The federal Miller Act requires government construction contracts over $100,000 to be bonded. This process involves insurance companies, known as “sureties,” who issue payment or performance bonds to contractors, who in turn furnish the required bonds to the federal government. The bonds guarantee that the contractor will comply with the terms of the contract and perform as required. Although the sureties do not interact directly with the federal government, a recent decision from the US District Court in DC suggests that sureties could face liability where the bonded contractor violates the civil False Claims Act (“FCA”), 31 U.S.C. § 3729. In Scollick ex rel. United States v. Narula, No. 1:14-CV-01339-RCL, 2022 WL 3020936 (D.D.C. July 29, 2022) the court held, under the facts of that case, that the sureties had no knowledge of the fraud allegedly committed by the bonded contractor, and thus did not violate the FCA. Although the sureties escaped in this instance, this case demonstrates the expansive reach of the FCA and puts the insurance industry on notice that they are not immune from FCA liability.
In Scollick, a qui tam relator (“Relator”) filed a lawsuit against thirteen contractors, including various construction entities and the insurers furnishing bonds to those companies, alleging that the defendants violated the FCA by misrepresenting their service-disabled veteran-owned small business status in order to obtain federal contracts set aside for small businesses by the Federal Aviation Administration. SDVOSB set-aside contracts are government contracts specifically set aside for companies owned by service-disabled veterans. To be awarded an SDVOSB set-aside contract, a company must be certified as an SDVOSB.
The FCA applies to those who knowingly submit false or fraudulent claims for payment to the federal government. To this end, the FCA creates liability for any person who, inter alia, “(A) knowingly presents, or causes to be presented, a false or fraudulent claim for payment or approval; [or] (B) knowingly makes, uses, or causes to be made or used, a false record or statement material to a false or fraudulent claim.” Thus, the party alleging an FCA violation must prove: (1) defendant made false statements or engaged in a fraudulent course of conduct; (2) with the requisite knowledge; (3) the statements or conduct were material; and (4) caused the government to pay out money or to forfeit monies due on a “claim.”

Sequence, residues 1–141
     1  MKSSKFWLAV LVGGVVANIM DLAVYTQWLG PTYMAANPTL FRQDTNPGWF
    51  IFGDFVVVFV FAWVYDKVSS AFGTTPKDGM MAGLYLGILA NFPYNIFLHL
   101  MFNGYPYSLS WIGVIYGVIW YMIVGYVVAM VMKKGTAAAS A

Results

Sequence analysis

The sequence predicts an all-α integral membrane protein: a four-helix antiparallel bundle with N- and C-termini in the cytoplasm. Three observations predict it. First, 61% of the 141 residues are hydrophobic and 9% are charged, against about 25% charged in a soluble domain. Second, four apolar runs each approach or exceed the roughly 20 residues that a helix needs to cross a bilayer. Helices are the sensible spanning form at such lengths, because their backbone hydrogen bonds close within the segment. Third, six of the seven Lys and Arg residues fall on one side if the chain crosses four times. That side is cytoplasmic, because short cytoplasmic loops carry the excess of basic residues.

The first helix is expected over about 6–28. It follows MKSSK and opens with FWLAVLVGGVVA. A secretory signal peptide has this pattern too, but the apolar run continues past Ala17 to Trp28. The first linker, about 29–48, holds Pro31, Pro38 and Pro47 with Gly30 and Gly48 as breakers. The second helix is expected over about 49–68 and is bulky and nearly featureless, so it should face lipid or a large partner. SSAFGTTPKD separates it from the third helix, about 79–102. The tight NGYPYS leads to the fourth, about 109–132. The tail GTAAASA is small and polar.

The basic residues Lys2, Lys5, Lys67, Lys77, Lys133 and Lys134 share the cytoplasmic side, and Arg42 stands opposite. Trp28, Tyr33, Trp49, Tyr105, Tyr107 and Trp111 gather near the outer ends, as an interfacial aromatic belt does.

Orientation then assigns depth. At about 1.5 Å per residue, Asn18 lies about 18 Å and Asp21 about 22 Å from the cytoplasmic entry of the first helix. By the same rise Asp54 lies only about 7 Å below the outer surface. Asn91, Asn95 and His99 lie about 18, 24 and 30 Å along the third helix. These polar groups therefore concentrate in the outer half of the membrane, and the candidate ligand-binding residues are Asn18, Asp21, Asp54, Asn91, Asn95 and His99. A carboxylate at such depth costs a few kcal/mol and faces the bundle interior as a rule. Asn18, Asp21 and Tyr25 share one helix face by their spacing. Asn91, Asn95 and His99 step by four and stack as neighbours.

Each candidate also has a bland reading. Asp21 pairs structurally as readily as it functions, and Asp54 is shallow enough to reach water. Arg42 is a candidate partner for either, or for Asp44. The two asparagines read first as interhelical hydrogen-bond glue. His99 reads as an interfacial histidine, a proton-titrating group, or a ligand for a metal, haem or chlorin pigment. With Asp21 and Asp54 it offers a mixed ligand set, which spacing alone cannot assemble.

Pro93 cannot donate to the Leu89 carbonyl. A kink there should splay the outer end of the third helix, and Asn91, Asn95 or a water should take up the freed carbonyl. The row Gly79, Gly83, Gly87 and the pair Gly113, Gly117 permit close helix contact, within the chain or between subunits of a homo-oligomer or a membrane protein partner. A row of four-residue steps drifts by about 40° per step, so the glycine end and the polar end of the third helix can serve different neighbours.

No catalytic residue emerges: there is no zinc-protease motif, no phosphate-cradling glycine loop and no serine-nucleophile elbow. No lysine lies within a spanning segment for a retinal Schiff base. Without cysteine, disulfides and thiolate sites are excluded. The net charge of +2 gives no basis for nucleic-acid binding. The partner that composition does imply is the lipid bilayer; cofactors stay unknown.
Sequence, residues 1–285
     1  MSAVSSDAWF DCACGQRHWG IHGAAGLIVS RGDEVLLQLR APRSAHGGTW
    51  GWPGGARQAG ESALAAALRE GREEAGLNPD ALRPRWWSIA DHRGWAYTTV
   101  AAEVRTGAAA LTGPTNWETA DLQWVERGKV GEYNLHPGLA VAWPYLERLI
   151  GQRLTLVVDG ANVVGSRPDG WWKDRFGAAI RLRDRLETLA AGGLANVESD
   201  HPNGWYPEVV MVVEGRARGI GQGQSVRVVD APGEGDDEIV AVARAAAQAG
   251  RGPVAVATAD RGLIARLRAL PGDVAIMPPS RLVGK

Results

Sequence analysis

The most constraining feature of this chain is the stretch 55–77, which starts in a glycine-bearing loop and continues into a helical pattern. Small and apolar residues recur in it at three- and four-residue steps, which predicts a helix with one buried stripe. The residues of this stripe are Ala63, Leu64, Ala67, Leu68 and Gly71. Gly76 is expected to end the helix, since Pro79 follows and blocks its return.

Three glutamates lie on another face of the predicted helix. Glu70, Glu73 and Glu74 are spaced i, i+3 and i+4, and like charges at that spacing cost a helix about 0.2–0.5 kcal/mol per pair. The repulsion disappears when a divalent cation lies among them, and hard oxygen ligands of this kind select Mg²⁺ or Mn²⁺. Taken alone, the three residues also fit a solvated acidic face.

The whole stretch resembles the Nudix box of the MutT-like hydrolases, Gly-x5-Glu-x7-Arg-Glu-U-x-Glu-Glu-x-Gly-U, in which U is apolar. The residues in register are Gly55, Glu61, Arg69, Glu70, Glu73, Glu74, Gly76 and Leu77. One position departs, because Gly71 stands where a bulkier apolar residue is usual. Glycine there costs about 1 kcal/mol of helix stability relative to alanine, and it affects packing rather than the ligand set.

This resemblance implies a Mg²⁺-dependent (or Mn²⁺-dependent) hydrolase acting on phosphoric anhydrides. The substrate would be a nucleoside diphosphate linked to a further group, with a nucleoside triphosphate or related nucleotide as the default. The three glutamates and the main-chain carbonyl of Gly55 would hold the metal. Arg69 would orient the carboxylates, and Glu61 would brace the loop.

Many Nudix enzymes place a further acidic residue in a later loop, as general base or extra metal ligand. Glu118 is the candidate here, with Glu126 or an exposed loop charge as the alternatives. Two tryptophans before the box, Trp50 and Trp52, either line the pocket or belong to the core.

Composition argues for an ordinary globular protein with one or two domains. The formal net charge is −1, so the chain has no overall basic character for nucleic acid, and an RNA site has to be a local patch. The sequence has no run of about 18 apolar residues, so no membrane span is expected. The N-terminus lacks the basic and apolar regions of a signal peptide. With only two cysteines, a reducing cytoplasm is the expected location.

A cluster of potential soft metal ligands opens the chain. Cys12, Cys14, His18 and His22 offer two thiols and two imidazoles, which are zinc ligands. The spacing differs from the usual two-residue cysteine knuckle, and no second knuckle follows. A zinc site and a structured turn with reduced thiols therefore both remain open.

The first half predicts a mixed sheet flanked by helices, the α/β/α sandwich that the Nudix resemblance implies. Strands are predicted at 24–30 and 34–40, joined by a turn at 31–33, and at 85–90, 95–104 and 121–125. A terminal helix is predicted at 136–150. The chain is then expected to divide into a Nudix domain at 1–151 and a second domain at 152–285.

The Relator filed suit under various FCA provisions—§ 3729(a)(1)(A) (Presentment); 31 U.S.C. § 3729(a)(1)(B) (Make or Use); § 3729(a)(1)(C) (Conspiracy); and § 3729(a)(1)(G) (Reverse False Claim). Relator’s case was premised on the fraud-in-the-inducement theory of the FCA, which applies where a defendant fraudulently induced the government to enter a contract and later submits claims for payment under the contract. Under this theory, FCA liability attaches “for each claim submitted to the Government under a contract which was procured by fraud, even in the absence of evidence that the claims were fraudulent in themselves.” United States ex rel. Morsell v. Symantec Corp., 130 F. Supp. 3d 106, 120-21 (D.D.C. 2015). Here, Relator alleged that defendants fraudulently claimed SDVOSB status in order to win the contract, and thus liability attached to each claim submitted to the government during performance of the contract.